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The 12 apostles were called and ordained by Jesus to form the foundation upon which he built his Church. Speaking to newly baptized members of the ancient Church of Jesus Christ, the apostle Paul explained that they were “built upon the foundation of the apostles and prophets, Jesus Christ himself being the chief corner.” (see Ephesians 2:19-20).

Significantly, the chief cornerstone (Jesus Christ) is the most essential element of the foundation (12 apostles). The chief cornerstone holds the foundation together. If the Church of Jesus Christ needed a foundation of 12 apostles anciently, the true Church of Jesus Christ most certainly needs that same foundation today.

Imagine that you were planning to build a home. Where would you begin? With the roof or walls? No, you would begin with the foundation, the most important part of the house, the part upon which the structure is built. That is exactly what Jesus did when he established his church upon the earth: He called the12 apostles to form the foundation.

Like the foundation of a home, the sure foundation of the 12 apostles and prophets, anchors the Church of Jesus Christ so that it can stand firm and steadfast against the storms of falsehood and adversity.

Jesus Chose the 12 Apostles as the Foundation of His Church

Wherever Jesus went, multitudes of people flocked to him to be healed and to hear his new and profound teachings. We read:

 And Jesus went about all the cities and villages, teaching in their synagogues, and preaching the gospel of the kingdom, and healing every sickness and every disease among the people. But when he saw the multitudes, he was moved with compassion on them, because they fainted, and were scattered abroad, as sheep having no shepherd. (Matthew 9:36-37).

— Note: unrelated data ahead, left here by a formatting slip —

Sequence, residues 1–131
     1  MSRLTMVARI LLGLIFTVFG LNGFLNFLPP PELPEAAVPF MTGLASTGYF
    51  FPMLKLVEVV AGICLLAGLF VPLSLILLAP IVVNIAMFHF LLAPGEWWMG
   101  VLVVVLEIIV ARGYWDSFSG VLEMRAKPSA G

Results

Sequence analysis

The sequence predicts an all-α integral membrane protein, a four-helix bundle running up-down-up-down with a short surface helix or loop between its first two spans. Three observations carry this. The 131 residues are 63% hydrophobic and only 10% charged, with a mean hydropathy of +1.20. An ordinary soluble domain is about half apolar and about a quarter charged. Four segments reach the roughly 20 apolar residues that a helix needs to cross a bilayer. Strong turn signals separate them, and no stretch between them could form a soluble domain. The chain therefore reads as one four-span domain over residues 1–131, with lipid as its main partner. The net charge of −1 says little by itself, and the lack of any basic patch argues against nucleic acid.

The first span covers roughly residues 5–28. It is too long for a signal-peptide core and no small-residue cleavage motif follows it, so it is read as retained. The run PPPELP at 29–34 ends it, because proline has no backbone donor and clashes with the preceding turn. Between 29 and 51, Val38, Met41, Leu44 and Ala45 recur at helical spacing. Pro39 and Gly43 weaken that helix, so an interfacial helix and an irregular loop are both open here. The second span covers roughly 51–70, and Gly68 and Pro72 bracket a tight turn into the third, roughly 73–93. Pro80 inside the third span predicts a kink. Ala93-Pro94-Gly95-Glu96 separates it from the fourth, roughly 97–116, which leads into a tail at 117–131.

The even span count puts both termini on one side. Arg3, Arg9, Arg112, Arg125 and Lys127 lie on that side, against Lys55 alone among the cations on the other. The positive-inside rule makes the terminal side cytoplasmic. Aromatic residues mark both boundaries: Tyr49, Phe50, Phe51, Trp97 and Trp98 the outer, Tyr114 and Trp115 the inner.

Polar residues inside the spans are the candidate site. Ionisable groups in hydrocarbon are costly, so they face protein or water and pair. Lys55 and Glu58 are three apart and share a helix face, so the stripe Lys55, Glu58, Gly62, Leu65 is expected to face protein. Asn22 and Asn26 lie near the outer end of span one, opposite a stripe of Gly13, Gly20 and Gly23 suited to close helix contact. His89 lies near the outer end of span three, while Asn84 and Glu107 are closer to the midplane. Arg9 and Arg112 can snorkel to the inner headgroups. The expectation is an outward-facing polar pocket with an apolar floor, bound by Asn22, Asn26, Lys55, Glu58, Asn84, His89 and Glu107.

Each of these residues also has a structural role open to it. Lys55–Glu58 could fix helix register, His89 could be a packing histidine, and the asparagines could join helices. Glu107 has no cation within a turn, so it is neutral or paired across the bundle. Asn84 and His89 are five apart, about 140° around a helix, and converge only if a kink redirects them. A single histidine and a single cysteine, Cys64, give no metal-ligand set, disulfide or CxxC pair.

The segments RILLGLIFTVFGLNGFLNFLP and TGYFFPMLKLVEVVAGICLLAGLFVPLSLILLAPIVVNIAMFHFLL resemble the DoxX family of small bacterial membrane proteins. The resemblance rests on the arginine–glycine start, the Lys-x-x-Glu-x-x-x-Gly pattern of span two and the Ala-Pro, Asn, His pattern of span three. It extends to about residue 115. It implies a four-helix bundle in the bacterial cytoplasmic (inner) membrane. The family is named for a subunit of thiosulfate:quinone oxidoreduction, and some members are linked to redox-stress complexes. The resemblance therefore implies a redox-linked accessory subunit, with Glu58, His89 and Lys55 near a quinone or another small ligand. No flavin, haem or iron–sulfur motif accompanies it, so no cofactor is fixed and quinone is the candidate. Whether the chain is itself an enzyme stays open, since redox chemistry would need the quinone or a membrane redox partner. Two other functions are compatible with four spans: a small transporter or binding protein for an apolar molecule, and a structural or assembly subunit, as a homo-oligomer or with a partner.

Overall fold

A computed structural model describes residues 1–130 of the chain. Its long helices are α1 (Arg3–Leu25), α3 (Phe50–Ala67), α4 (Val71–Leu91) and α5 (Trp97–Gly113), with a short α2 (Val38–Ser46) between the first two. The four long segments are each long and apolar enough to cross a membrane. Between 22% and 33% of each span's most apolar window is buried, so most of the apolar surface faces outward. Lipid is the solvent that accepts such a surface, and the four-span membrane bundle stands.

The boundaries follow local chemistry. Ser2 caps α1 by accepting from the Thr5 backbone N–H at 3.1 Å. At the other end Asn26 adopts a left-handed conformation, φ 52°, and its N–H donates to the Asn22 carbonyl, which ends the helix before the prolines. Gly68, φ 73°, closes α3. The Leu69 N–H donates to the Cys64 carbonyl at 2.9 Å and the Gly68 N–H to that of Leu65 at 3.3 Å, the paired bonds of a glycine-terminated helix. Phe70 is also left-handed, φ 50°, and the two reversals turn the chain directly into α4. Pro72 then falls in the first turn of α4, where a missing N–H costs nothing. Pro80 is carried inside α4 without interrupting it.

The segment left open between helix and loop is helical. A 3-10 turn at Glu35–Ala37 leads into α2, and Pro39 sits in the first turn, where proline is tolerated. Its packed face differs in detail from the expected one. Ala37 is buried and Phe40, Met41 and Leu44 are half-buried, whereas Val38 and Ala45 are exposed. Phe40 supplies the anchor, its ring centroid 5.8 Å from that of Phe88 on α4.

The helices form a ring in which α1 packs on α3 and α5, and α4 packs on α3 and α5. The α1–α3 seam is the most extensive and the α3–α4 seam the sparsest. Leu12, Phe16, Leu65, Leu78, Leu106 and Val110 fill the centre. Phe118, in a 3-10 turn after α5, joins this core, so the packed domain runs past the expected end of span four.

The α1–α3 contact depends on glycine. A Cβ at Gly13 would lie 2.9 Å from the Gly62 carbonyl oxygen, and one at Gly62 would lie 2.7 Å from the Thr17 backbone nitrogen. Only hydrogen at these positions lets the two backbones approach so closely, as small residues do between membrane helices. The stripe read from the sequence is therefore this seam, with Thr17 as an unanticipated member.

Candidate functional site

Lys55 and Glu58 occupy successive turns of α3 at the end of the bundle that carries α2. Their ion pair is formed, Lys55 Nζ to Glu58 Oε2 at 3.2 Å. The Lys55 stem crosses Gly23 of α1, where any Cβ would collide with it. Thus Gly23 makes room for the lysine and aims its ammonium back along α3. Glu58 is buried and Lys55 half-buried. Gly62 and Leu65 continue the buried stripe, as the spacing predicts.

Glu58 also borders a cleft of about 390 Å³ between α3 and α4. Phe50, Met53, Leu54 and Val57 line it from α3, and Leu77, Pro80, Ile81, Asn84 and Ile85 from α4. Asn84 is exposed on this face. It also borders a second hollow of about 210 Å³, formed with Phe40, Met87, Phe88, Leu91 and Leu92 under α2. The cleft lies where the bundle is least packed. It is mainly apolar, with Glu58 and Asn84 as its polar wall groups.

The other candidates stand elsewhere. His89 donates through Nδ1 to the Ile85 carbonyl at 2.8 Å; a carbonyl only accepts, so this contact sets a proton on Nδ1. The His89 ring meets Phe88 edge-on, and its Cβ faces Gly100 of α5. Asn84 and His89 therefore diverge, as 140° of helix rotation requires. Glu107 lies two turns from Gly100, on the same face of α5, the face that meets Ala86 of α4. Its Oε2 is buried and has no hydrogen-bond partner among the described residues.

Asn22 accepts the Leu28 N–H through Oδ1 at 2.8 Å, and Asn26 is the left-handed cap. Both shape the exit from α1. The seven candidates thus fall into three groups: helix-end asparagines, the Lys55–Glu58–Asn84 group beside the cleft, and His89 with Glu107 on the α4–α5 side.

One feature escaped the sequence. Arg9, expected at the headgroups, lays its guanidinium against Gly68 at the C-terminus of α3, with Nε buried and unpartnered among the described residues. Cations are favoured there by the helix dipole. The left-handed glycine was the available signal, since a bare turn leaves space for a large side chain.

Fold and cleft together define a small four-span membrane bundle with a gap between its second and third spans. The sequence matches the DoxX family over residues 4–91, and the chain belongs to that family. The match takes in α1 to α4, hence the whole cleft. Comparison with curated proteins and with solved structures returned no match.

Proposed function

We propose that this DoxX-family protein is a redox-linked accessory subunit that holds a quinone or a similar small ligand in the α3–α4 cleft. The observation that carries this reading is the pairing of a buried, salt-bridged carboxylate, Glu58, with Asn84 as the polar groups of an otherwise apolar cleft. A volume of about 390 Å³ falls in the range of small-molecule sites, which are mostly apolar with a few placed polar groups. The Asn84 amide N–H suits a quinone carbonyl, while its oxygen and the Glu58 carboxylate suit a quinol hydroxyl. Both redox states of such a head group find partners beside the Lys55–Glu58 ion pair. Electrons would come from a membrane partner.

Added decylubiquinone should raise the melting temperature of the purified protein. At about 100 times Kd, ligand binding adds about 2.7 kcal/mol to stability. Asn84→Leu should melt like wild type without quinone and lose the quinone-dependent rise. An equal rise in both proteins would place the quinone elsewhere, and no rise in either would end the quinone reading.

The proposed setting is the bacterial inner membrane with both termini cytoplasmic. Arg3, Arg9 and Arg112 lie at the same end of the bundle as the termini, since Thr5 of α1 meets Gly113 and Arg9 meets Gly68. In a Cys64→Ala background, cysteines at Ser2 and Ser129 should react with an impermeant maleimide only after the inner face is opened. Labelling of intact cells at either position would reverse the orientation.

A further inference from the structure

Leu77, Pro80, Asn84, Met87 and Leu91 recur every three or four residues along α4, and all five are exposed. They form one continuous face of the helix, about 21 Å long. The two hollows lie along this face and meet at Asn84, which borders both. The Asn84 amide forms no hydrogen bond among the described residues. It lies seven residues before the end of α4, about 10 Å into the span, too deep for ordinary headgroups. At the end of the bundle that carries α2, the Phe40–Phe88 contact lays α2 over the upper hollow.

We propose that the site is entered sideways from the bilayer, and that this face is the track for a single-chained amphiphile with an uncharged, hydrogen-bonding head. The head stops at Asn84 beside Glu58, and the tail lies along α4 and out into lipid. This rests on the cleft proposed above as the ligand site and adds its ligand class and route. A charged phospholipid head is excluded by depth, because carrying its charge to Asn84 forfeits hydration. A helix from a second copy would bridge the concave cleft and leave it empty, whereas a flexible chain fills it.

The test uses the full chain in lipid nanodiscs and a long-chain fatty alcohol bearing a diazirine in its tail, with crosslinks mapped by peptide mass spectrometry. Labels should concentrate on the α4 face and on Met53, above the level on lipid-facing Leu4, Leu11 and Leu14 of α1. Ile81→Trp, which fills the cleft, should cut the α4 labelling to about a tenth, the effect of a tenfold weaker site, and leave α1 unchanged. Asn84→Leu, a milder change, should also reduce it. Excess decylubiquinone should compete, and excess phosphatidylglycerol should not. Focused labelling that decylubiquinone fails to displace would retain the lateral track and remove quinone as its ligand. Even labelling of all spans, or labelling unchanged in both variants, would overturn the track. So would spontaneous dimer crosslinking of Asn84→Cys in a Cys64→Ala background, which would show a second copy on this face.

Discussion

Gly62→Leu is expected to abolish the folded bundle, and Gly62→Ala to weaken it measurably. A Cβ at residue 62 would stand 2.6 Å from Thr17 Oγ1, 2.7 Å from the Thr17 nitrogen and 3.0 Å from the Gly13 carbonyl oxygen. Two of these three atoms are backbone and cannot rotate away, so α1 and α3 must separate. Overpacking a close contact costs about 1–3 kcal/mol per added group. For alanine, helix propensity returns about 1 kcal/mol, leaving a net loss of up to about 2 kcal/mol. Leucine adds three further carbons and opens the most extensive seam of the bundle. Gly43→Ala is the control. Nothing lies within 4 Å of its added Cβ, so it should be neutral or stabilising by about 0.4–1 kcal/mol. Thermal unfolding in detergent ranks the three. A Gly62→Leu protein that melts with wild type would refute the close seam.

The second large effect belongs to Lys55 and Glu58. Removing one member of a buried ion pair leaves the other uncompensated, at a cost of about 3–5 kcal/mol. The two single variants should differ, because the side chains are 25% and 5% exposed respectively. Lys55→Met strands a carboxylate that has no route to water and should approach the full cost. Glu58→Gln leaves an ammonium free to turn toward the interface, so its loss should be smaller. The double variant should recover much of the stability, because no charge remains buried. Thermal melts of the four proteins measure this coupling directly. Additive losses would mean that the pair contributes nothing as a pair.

It was then that he noted, “The harvest truly is plenteous, but the labourers are few” Matthew 9:38). In other words, Jesus said that he needed more helpers to expand his work by healing and teaching the harvest of souls. His solution became one of the most unique characteristics of Christianity: He chose the 12 apostles.

Significantly, Jesus chose the apostles from among his faithful and trusted followers, eyewitnesses who had accompanied him from the beginning of his ministry (Acts 1:21). Jesus did not choose the apostles casually. Rather, he “went out into a mountain to pray, and continued all night in prayer to God. And when it was day, he called unto him his disciples: and of them he chose twelve, whom also he named apostles” (Luke  6:12-13).

Jesus reminded the 12 apostles, “Ye have not chosen me, but I have chosen you, and ordained you, that ye should go and bring forth fruit” (John 15:16). The ordination to which Jesus referred included a bestowal of his authority, or priesthood, upon them.  Now, with divine permission, the 12 apostles could authoritatively do the works of Jesus Christ in his name.

What were these works?